Blackwood School

Name Blackwood School
Ofsted Inspection Rating Good
Inspection Date 22 September 2011
Address Blackwood Road, Streetly, Sutton Coldfield, West Midlands, B74 3PH
Phone Number 01213531876
Type Primary
Age Range 3-11
Religious Character Does not apply
Gender Mixed
Number of Pupils 703 (50% boys 50% girls)
Number of Pupils per Teacher 25.8
Local Authority Walsall
Percentage Free School Meals 4%
Percentage English is Not First Language 16.2%
Persisitent Absence 2%
Pupils with SEN Support 7%
Catchment Area Information Available Yes, our catchment area data is FREE
Last Distance Offered Information Available No

Information about the school

Blackwood School is among the largest primary schools in the country. Two thirds of the pupils are from White British families, and a third are from minority ethnic backgrounds, mainly Indian. An average proportion of pupils speak English as an additional language. About five per cent of the pupils have special educational needs and/or disabilities, which is well below average. At about two per cent, the proportion of pupils known to be eligible for free school meals is much lower than is usually found. The governing body manages the Little Robins wrap-around care for Nursery age children, which is registered for 16 children. It is also responsible for the Woodpeckers breakfast and after-school clubs, which include children from the Early Years Foundation Stage and pupils from Key Stages 1 and 2. Both Little Robins and Woodpeckers were inspected by the team. There have been significant changes to staffing, leadership and governance since the previous inspection. The headteacher has been in post for one year and at present there is an acting deputy headteacher. There are also a number of new members of the governing body, including a recently appointed Chair. The school has Healthy Schools status and the Activemark award.

Main findings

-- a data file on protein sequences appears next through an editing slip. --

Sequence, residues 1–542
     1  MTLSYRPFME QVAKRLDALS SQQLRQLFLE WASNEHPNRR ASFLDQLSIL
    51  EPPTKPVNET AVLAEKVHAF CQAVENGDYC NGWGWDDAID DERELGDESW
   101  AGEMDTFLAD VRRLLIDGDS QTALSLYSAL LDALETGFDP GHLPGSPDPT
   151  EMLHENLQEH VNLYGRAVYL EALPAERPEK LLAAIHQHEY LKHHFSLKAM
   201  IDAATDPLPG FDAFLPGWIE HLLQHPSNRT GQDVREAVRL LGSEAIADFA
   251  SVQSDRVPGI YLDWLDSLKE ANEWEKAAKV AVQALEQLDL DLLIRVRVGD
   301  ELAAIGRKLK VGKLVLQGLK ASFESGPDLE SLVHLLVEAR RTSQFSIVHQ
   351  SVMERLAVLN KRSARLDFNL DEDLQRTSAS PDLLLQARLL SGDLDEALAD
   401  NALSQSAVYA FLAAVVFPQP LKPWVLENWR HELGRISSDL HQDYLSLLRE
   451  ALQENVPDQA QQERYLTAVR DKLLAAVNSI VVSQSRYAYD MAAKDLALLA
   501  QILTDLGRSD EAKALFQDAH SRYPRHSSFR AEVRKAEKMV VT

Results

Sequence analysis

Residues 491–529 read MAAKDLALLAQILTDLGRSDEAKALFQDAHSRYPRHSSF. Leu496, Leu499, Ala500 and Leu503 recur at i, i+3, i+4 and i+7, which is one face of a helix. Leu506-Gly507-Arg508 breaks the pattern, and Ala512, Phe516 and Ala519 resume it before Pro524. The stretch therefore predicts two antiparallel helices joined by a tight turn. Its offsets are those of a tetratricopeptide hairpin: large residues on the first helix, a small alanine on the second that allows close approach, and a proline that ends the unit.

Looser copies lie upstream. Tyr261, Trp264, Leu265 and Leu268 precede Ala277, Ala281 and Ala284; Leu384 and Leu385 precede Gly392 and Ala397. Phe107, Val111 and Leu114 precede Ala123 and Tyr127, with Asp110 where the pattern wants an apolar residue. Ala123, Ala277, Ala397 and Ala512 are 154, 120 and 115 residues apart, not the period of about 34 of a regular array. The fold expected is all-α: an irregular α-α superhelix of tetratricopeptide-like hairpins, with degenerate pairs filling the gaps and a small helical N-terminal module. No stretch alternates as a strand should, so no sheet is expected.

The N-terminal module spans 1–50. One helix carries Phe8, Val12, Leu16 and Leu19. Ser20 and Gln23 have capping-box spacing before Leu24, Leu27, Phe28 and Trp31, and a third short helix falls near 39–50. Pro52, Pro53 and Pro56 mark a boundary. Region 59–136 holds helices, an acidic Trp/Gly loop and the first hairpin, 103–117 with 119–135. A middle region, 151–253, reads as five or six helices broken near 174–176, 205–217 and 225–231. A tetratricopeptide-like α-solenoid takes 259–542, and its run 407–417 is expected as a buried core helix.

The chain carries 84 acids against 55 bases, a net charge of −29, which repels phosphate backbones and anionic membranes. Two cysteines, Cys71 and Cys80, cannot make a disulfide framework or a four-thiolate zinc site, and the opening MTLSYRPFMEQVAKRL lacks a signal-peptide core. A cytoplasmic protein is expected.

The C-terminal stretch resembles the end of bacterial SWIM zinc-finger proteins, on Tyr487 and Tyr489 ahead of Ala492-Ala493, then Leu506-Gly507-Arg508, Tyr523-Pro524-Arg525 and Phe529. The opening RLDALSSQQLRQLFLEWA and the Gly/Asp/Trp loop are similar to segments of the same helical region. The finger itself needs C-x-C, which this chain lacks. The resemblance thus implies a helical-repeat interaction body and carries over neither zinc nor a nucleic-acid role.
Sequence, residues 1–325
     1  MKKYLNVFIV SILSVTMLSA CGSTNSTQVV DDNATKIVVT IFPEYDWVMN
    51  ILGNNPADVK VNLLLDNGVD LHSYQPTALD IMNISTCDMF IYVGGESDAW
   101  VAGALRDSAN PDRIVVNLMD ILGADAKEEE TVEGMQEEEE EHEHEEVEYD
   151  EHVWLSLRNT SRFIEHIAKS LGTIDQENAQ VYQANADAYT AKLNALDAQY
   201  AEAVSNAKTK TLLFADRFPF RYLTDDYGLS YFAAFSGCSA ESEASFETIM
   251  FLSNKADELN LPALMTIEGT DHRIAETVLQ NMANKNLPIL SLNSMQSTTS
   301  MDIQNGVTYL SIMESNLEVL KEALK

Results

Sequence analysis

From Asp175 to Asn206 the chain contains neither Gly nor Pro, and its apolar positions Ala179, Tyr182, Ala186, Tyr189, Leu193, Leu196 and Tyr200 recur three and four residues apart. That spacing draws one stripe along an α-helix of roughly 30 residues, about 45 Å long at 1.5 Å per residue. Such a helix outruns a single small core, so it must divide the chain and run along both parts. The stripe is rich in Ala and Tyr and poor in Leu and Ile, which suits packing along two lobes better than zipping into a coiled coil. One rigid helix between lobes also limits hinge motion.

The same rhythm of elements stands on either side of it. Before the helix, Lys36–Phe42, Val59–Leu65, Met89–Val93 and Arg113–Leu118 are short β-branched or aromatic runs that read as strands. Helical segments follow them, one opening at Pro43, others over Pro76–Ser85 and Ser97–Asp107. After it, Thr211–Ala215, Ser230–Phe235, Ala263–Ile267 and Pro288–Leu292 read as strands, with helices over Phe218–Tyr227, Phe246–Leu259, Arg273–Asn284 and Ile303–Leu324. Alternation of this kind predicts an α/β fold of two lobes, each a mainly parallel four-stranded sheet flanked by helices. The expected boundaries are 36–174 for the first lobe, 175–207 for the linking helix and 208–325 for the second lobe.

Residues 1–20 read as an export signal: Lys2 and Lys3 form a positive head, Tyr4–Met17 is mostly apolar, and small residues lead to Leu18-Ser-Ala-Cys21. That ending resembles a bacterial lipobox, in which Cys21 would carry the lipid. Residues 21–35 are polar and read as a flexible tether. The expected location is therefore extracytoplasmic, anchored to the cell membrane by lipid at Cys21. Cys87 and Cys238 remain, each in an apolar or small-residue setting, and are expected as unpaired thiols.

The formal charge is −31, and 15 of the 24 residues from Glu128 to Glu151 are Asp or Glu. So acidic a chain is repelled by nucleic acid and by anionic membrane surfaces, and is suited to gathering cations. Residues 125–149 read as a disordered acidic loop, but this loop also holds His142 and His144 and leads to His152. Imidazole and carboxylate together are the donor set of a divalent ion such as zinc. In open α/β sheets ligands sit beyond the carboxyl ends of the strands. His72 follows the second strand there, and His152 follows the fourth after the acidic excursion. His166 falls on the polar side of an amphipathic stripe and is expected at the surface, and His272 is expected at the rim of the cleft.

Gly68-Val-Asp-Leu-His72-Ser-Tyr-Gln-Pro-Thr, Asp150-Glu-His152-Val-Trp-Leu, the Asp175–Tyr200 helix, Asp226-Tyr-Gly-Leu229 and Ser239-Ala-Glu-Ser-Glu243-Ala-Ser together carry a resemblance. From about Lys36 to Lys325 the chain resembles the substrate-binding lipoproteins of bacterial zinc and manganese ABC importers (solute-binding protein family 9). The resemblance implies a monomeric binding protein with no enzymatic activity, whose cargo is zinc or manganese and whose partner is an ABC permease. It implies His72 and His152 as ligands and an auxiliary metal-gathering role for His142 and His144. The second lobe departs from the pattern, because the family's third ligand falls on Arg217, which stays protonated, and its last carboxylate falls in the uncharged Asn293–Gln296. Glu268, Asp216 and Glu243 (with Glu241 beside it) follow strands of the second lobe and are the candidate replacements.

Blackwood is a good school. It has many strengths, not least pupils’ good progress and above average attainment. The quality of teaching and learning, and care, guidance and support has been improved substantially since the previous inspection and is now good. Pupils are enthusiastic learners who behave well and whose attendance levels are high. All adults in school, whether staff or members of the governing body, have an overriding ambition to ensure pupils have the best education possible. School self-evaluation is incisive and accurate. Ongoing improvement is planned, actioned and monitored thoroughly, with the result that the school has risen from satisfactory to good within a fairly short timescale. The headteacher has high expectations and provides great challenge to staff with very marked humour. The school has good capacity to maintain its rise. Senior leaders and the governing body recognise there are two key areas for improvement at present. While the curriculum is good and much improved over the judgements in the previous inspection report, the task of ensuring it is consistently exciting and adventurous, allowing pupils to manage their own learning and show resourcefulness and resilience, is not yet complete. Secondly, as members of the governing body themselves admit, their probing of school performance could be at greater depth. This is for the most part because the governing body has changed significantly in its membership. Nonetheless, the governing body is alert to pupils’ successes and difficulties in making consistent progress in their work, particularly in English and mathematics. Staff have worked well to improve pupils’ progress in English, particularly in writing. There are many examples of high quality writing across the school, not just from the higher attainers. It is, however, evident that generally, the higher attainers are challenged well in their work. The increased consistency of teaching quality has resulted in greater progress and higher attainment in all years, including the Early Years Foundation Stage, where provision and outcomes are good. Little Robins gives children in the Nursery a secure and caring environment in which to thrive and grow. The breakfast and after-school clubs are successful in fostering pupils’ good behaviour and relationships, and their enthusiasm for school. Because a large number of pupils attend, their enjoyment in the sessions has a strong influence on the approach to work in class.